“He that would bring home the wealth of the Indies must carry the wealth of the Indies with him.

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Copyright 2019 by Joyce Huntington.  All Rights Reserved. 
Website by Monte Blanco Design 

why i trip

It's a crazy kind of rush that pushes me to seek out and find the settings of the books I read. The words create an image in my mind but that's not enough. I want to see it in real life. And when I do, when I arrive at a place - a town, a street, a beach - there is a moment, an adjustment, while I reconcile what's in my imagination to what’s actually right there in front of me. It's mindscape meets landscape. It's a rush. I call it the Rush of Reality.

I was spellbound. I quickly became a one-woman tour company for the Spanish Kitchen until I exhausted everyone I knew who would see it with me. Then one day it was sold and turned into a spa.

The first time I felt that rush was when I first saw the Original Spanish Kitchen restaurant. I was winding down my college career and winding up my career in journalism with my first job in Hollywood. To make ends meet I worked as a waitress. One slow dinner shift, I picked up a trade magazine called Tables and read the story of the mystery surrounding a restaurant that suddenly closed down one night in the early 1960s. The writer said it was still sitting there, frozen in time. I had to see it. My shift ended and I drove down Beverly Boulevard and found the building. I plastered my face against every window. The tables were not completely bused, the kitchen looked like the staff had walked out in the middle of a shift. I remember a huge can of peas on the counter.  

Not long after that, I landed my first real writing job in TV News.  The catch was that it was only going to last five months. I took the job and then planned a trip to Europe when it was over. And one book, in particular, set me on a path, I see now, that was headed straight toward this—the thing I’m doing here - tripping on books. The book was Europe 101. It was, as the title suggests, everything you would want to see on a trip to Europe and why. On the flight over I opened the book and started reading.  Something came over me.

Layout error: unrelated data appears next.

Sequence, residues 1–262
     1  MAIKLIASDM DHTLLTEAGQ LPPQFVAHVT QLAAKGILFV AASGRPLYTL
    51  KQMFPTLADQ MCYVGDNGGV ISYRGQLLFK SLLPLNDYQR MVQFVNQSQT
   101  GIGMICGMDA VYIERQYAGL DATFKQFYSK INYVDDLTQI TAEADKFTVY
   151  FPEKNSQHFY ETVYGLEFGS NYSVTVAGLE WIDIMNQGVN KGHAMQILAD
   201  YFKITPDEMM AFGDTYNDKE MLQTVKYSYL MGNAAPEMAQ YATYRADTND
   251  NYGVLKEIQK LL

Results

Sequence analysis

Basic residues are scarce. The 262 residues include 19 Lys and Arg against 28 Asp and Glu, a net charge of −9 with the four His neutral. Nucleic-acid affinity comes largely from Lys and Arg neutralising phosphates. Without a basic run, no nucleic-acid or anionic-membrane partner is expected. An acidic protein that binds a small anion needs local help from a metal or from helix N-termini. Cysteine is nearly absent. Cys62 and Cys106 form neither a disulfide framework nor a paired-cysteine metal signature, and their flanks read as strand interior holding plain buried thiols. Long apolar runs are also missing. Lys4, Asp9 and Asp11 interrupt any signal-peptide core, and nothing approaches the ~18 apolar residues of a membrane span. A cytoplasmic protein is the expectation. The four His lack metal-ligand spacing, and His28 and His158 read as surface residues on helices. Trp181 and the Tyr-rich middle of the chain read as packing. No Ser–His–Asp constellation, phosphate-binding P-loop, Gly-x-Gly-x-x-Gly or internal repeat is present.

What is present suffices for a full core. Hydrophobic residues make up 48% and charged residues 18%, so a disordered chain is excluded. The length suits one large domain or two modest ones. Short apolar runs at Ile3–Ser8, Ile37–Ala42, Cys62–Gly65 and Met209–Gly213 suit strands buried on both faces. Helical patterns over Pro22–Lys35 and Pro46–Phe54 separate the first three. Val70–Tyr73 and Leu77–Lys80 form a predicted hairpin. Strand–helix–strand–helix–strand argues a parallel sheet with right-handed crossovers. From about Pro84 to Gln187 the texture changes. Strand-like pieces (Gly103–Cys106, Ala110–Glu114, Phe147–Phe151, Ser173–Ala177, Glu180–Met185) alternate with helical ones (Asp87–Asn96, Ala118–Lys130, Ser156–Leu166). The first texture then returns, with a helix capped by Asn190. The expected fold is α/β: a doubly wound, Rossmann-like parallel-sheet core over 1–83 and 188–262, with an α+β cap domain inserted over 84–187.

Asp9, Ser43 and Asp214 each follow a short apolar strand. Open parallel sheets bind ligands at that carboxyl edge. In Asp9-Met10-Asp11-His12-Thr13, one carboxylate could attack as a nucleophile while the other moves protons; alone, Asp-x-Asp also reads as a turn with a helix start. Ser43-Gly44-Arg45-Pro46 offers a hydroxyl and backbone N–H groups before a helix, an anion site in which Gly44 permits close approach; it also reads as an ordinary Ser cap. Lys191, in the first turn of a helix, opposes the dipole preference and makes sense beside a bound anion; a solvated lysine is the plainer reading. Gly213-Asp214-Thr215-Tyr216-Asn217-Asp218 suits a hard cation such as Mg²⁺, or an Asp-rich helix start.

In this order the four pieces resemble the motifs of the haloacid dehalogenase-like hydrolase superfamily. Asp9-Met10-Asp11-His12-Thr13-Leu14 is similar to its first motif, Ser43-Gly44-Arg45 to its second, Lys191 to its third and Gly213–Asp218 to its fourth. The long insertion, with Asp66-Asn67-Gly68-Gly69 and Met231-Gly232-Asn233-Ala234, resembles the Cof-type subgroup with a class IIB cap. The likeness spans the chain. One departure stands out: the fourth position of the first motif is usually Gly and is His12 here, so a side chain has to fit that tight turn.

I got it in my head I needed to see EVERYTHING in the book. I made that guide my mission, my obsession. I couldn't stop myself, I saw everything the pages told me to see from Versailles to the Sistine Chapel to a gelato shop in Florence deemed the very best. I even ordered to the suggested flavor, I remember that, but not the flavor.

When I returned home to Los Angeles I fell into a withdrawal of sorts from the pattern of reading about things and then going to see them. Then, I remembered I had read on that trip, The Fitzgerald’s and the Kennedy's. Suddenly, I was back in business. I headed straight to the Coconut Grove at the Ambassador Hotel. I had decided to find the spot where Bobby Kennedy was shot. I drove down the wide driveway, noticing the hotel was on its last legs. I parked the car and walked around and found a busboy who weirdly knew the whole story. He took me to the exact spot where it had happened. He pointed out where Sirhan Sirhan had fired the fatal shots. Just being there, in that hallway gave me such a rush. It was my first real literary rush of reality experience.